The UX of these devices will also require more human-like interactions, to built trust between the devices and the users in an organic manner. We are seeing this with voice control technology like Siri and Google Home, but they are understanding our voice, with some sample responses. Soon they will learn to evolve their speech.
Artificial intelligence will take hold of the user experience to analyze the reaction to different experiences and then make changes in real time to those assessments. UX will become a much more intuitive and personalized experience in the coming years.
5. Convergence of VR And AR Standards
Already, we are seeing a myriad of startups evolving in the space, some focusing on content development in software, some focusing on the actual hardware itself. Some are brave enough to have both on offer. We also have the larger companies creating divisions to provide offerings in this space. Having a choice is great, but when it becomes painful trying on your fourteenth pair of glasses at your average conference, it is not. When one takes the time to observe how companies are beginning to partner up to offer solutions (a trend extremely common in the IoT industry), it is a small step towards some form of standardization. Excessive choice can be bad from a UX perspective, as with such segregation in initial design makes it harder for app designers to get it right on the hardware.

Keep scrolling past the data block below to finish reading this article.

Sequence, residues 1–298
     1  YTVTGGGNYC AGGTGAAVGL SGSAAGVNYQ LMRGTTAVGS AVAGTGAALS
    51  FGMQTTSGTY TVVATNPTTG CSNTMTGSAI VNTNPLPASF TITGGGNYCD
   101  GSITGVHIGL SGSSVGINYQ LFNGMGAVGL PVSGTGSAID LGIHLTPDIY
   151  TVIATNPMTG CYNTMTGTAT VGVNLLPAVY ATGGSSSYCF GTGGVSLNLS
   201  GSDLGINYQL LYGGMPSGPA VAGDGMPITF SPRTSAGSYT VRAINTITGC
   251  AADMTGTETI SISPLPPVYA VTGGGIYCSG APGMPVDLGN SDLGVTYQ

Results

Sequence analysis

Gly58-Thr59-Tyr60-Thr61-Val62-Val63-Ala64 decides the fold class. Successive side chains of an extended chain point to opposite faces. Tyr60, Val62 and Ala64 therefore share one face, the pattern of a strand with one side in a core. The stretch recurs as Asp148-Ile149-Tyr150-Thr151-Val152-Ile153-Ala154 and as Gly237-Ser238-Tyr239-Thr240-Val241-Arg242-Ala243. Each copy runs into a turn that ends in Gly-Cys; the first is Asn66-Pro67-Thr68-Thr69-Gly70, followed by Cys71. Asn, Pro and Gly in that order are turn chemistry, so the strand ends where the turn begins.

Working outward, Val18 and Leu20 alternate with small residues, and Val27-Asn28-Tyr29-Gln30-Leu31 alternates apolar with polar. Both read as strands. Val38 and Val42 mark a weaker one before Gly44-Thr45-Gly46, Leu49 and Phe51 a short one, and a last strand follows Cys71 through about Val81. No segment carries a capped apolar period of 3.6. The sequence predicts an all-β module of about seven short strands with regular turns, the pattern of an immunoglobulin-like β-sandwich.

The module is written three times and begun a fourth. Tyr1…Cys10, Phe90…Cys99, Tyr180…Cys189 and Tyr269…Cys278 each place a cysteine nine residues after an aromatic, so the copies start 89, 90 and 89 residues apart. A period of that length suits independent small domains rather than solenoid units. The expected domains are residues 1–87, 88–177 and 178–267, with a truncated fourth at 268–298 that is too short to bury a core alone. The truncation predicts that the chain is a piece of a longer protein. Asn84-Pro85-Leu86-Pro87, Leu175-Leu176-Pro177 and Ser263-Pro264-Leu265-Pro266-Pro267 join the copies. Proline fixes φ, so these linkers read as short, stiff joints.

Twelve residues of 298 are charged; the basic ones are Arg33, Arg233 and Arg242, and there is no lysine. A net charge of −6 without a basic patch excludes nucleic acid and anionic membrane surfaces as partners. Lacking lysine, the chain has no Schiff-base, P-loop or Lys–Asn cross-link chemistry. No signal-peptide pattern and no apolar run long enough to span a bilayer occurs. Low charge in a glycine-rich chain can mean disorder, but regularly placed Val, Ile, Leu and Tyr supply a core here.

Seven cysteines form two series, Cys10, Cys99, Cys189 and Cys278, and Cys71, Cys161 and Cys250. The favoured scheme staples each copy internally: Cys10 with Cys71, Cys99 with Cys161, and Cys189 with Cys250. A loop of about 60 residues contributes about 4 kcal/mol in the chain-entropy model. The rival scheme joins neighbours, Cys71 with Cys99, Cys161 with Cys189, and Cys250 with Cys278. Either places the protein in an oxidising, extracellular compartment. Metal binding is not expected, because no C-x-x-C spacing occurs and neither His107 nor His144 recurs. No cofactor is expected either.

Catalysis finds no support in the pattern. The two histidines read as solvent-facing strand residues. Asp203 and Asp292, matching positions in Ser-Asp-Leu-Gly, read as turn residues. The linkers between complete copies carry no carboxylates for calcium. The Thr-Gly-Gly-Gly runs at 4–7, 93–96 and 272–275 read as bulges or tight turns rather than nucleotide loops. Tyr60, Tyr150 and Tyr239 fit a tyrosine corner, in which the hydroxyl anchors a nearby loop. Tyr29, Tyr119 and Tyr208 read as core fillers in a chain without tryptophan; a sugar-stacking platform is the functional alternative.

6. Realistic Market Sensing
At some point, we have to get away from the “toys” feel for these devices. We put them on for ten minutes in an airport or at an event to get a wow from it. Whilst the applications in the gaming industries are there to be seen, companies are beginning to focus on where else the market will be. Certain devices have flopped in the past two years, and you would wonder why with such strong brands. The first reason was awful UX. The second was the market just was not ready, with a distinct lack of content to make them anyway useful. Just because a few of these devices fail, doesn’t mean the movement stops.